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CEA Members Join National Colleagues for Virtual NEA Representative Assembly

NEA President Lily Eskelsen García welcomed teacher delegates to the 2020 NEA RA.

This year’s National Education Association Representative Assembly, themed Our Democracy; Our Responsibility; Our time was unlike any other, as more than 7,000 delegates logged in virtually to conduct the organization’s business.

“We have masks, social distancing, and disinfectant,” NEA President Lily Eskelsen García said, referring to the podium at NEA headquarters she would be sharing only with NEA officers. “Because nothing, absolutely nothing, not even a global pandemic, is going to stop the National Education Association from doing its work.”

Because of the event’s virtual nature, no new business items were introduced this year; however, delegates did approve the NEA’s proposed budget and strategic plan for 2021, hear from a variety of speakers, and bid farewell to outgoing NEA President Eskelsen García.

This year’s RA was unique due not only to its virtual nature but also because, more than ever before, current circumstances necessitate that teachers speak up for their students, their colleagues, and their communities, and advocate for a federal government that will prioritize public schools. To reopen schools safely, states need support from Congress and the executive branch.

“If we want a public education system that is worthy of our students, that is the engine of our economy, and the model of a just society, we have to raise our voices and we have to vote and we have to lead,” NEA Executive Director Kim Anderson told delegates.

“We are called on to act,” said Eskelsen García. “So, what will you do? What will you do for your colleagues; your students; the families you love; the communities where you live. You will be leaders in defining what democracy will look like in our country. And someday when you are asked what you did when democracy was in peril; when your country needed you — you will have a powerful answer:  I was part of the collective voice and collective power that refused to be silent.”

Presidential candidate Joe Biden responded to educators’ concerns.

Presidential candidate Joe Biden also addressed delegates; listening to their concerns and answering questions about how he will support public schools as president.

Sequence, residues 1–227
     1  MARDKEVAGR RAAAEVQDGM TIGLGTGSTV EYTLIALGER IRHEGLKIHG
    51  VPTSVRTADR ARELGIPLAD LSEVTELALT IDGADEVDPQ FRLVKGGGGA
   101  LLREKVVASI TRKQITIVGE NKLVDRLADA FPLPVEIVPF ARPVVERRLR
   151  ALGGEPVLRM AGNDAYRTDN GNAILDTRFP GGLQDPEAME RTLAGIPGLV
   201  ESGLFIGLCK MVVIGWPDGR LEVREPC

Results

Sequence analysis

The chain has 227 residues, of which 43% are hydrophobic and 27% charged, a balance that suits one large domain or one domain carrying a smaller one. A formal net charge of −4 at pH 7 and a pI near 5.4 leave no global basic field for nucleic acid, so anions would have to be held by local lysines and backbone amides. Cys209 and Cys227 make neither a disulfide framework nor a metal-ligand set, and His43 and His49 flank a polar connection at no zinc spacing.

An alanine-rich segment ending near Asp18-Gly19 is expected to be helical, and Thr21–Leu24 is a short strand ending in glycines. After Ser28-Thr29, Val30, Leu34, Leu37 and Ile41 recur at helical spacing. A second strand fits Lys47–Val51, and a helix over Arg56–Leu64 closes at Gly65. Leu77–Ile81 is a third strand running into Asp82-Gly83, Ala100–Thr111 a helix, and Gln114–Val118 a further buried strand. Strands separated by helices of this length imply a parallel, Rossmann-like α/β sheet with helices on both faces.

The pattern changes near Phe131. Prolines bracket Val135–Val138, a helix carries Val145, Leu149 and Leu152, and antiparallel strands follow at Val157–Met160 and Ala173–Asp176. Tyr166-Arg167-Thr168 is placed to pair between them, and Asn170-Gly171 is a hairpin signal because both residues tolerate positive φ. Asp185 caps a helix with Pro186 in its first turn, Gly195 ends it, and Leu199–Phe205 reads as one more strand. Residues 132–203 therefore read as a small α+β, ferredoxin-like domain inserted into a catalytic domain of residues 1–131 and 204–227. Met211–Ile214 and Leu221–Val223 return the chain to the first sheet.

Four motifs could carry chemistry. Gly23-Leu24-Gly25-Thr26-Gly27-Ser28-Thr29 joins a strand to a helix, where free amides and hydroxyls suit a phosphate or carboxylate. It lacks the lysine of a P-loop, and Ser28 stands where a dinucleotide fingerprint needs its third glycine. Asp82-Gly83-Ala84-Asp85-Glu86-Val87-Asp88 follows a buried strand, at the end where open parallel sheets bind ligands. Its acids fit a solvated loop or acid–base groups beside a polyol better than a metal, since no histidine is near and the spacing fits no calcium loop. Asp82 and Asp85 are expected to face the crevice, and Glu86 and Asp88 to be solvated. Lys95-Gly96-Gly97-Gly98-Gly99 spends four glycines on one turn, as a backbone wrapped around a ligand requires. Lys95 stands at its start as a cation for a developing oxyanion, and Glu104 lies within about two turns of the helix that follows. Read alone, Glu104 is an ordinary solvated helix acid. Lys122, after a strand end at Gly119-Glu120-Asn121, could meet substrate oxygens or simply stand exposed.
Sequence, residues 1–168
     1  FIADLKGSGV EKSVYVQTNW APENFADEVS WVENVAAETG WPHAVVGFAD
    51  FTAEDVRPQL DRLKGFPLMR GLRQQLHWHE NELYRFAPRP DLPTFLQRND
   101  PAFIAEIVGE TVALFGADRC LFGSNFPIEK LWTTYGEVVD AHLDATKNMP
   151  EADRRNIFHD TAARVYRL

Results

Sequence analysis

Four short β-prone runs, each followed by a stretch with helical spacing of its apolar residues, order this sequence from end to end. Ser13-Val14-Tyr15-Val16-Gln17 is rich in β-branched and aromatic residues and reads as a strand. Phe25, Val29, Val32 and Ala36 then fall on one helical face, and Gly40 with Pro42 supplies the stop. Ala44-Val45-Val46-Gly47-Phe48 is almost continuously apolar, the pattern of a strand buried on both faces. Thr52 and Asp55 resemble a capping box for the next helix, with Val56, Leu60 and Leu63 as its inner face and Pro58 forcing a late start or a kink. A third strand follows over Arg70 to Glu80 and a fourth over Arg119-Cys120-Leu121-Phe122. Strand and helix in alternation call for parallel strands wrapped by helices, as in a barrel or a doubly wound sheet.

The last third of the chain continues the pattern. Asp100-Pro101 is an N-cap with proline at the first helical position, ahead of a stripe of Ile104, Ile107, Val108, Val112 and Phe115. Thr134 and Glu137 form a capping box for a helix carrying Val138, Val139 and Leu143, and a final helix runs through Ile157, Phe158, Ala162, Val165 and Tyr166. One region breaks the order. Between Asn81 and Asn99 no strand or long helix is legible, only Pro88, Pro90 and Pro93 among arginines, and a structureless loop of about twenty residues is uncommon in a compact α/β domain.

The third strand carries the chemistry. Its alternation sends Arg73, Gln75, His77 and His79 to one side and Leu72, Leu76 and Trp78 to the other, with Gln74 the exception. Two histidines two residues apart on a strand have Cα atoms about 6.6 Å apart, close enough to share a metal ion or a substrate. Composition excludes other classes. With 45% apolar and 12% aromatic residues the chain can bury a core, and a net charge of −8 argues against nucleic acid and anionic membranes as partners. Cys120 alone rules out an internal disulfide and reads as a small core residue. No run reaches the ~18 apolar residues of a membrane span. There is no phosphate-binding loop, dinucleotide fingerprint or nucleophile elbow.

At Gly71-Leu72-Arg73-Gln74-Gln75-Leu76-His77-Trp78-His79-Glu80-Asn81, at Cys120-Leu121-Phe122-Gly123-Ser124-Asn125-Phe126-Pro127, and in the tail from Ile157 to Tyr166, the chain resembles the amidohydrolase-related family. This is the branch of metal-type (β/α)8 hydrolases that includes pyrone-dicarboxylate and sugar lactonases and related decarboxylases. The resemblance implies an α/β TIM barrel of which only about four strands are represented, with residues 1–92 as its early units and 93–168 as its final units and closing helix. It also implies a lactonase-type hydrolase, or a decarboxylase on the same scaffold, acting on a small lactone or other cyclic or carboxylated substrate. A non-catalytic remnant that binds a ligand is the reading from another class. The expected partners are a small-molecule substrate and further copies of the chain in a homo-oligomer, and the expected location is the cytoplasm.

“Education should be put more in the hands of educators. You should have more input on what you teach, how you teach it, when you teach it,” Biden said.

He also said that under his plan, the federal government would be mobilized to make sure states and districts have the funding to keep educators on the job in the midst of this crisis, boost funding to cover the cost of PPE, extra cleaning, and new technologies and classroom redesign. He said that he plans to scale research on how COVID-19 affects children and build a safer school best-practice clearinghouse.

“I’m going to work with educators, child care providers, unions, communities, and families on how to reopen safely,” Biden said.

Looking forward

The end of Eskelsen García’s term as president means RA delegates have to elect a new NEA president—and a new vice president and secretary-treasurer, along with new executive committee members. Delegates are submitting ballots by mail to ensure equity in participation and the security and integrity of the democratic process. Election results will be announced on August 6, 2020, or on August 31, 2020, if a runoff is required.

Preschool teacher and Kansas NEA member Tabatha Rosproy is the 2020 National Teacher of the Year.

NEA also awarded its highest honor, The Friend of Education Award, to 17-year-old climate change activist Greta Thunberg. “Greta is a rabble rouser, and she’s taking on the world for a better tomorrow,” Eskelsen García said.

2020 National Teacher of the Year Tabatha Rosproy, a preschool teacher and Kansas NEA member, talked to delegates about the need for all teachers to be involved and reflected in their union.

“During this pandemic, and through this revolution of racial equity, educator voice is more important than ever before,” Rosproy said. “You don’t join a team to sit on the bench. You join the team to get out there and play when it’s your time. And now is your time. It is time for all educators to elevate the voices of the unheard. Look around your meetings and events and make sure diverse voices are represented. Ask yourself today whose voices are we missing? Reach out to them, tell them how important their experiences are, and bring them into the fold.”

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